Bargh, J. A., Gollwitzer, P. M., Lee-Chai, A., Barndollar, K., & Trotschel, R. (2001). The automated will: Nonconscious activation and pursuit of behavioral goals. Journal of Personality and Social Psychology, 81, 1041-1027

Chartrand, T. L., & Bargh, J. A. (1999). The Chameleon effect: The perception-behavior link and social interaction. Journal of Personality and Social Psychology, 76, 893-910.

Chartrand, T. L., & Bargh, J. A. (2002). Nonconscious motivations: Their activation, operation, and consequences. In A. Tesser & D. Stapel (Eds.), Self and motivation: Emerging psychological perspectives (pp. 13-41). Washington, DC: American Psychological Association.

Chartrand, T. L., Van Baaren, R. B., & Bargh, J. A. (2006). Linking automatic evaluations to emotion and information processing style: Consequences for experienced affect, impression formation, and stereotyping. Journal of Experimental Psychology: General, 135, 70-77.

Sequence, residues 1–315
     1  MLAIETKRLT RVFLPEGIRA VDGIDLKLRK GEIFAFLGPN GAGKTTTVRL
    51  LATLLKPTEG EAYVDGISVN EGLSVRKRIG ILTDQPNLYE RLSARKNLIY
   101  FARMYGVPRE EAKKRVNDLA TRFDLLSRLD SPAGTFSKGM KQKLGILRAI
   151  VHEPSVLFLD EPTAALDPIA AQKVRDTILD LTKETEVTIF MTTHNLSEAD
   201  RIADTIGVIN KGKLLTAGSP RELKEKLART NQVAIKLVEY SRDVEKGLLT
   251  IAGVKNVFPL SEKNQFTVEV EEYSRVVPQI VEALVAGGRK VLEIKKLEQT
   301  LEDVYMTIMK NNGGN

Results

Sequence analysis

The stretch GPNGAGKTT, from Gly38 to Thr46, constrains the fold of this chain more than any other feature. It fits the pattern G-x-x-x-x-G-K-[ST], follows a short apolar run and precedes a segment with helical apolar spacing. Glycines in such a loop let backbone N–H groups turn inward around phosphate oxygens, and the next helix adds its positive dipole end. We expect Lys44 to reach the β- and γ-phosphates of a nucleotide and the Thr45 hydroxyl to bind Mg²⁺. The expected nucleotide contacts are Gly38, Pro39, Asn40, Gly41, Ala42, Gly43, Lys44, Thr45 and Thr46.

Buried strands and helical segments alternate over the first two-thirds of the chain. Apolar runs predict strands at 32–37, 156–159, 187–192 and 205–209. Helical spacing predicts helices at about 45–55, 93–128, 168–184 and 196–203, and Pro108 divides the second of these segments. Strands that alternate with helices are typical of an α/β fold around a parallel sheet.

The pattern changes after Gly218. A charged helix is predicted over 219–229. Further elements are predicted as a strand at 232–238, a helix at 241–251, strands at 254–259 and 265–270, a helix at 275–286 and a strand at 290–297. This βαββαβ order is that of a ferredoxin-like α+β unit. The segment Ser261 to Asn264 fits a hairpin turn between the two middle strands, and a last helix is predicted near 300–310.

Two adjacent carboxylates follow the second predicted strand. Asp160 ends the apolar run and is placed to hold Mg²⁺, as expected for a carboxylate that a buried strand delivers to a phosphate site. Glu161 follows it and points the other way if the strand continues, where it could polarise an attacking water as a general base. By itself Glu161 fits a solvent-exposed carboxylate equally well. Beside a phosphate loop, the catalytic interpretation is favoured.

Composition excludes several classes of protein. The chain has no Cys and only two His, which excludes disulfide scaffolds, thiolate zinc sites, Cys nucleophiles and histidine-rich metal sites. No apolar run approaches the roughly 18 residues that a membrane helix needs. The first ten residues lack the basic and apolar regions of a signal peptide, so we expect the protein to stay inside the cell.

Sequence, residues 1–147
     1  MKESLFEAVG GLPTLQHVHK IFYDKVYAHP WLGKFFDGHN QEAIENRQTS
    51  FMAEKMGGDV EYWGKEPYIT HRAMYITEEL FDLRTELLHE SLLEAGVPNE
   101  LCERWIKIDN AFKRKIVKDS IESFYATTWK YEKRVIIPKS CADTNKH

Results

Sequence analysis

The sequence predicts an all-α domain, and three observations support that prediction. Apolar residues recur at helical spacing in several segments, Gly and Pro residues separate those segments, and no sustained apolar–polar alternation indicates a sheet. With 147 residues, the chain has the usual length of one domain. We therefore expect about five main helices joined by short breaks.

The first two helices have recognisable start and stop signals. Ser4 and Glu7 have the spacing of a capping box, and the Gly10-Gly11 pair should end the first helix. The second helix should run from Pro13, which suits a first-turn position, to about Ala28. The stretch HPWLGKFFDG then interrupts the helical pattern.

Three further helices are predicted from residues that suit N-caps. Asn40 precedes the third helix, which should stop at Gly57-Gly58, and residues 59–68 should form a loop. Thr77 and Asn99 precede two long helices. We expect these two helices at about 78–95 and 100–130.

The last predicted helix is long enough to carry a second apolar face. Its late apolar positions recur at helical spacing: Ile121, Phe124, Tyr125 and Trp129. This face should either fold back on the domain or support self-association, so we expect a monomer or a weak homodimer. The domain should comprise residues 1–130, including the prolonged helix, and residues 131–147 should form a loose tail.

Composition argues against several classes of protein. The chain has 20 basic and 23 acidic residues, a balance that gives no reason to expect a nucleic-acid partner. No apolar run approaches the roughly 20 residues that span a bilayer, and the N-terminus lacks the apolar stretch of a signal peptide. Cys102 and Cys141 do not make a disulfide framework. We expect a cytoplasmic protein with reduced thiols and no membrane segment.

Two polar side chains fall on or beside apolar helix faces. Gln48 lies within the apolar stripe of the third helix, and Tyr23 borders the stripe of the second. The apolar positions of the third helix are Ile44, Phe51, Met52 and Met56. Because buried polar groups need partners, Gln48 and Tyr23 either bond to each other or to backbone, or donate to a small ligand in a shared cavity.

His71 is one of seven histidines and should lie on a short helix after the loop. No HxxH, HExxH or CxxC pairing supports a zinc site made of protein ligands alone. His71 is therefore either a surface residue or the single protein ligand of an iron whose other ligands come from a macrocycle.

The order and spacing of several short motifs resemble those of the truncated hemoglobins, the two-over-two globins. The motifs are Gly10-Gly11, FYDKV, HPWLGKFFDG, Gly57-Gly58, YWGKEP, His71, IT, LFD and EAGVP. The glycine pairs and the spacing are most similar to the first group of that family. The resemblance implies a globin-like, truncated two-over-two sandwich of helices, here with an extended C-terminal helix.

Dijksterhuis, A., & Bargh, J. A. (2001). The perception-behavior expressway: Automatic effects of social perception on social behavior. Advances in Experimental Social Psychology, 33, 1-40.

Dijksterhuis, A., Bargh, J. A., & Miedema, J. (2000). Of men and mackerels: Attention and automatic behavior. In H. Bless & J.P. Forgas (Eds.), Subjective experiences in social cognition and behavior (pp. 36-51). Philadelphia: Psychology Press.

Dijksterhuis, A., & van Knippenberg, A. (1998). The relation between perception and behavior or how to win a game of Trivial Pursuit. Journal of Personality and Social Psychology, 74, 865-877.

Fitzsimons, G. M., & Bargh, J. A. (2003). Thinking of you: Nonconscious pursuit of interpersonal goals associated with relationship partners. Journal of Personality and Social Psychology, 84, 148-163.

Kawakami, K., Dovidio, J. F., & Dijksterhuis, A. (2003). Effect of social category priming on personal attitudes.

Psychological Science

, 14, 315-319.

Leventhal, H. (1982). A perceptual motor theory of emotion. Social Science Information, 21, 819-845.

Mussweiler, T. (2006). Doing is for thinking: Stereotype activation by stereotypic movements. Psychological Science, 17, 17-21.

Prinz, W. (1990). A common coding approach to perception and action. In O. Neumann & W. Prinz (Eds.), Relationships between perception and action: Current approaches (pp. 167-201). Berlin: Springer.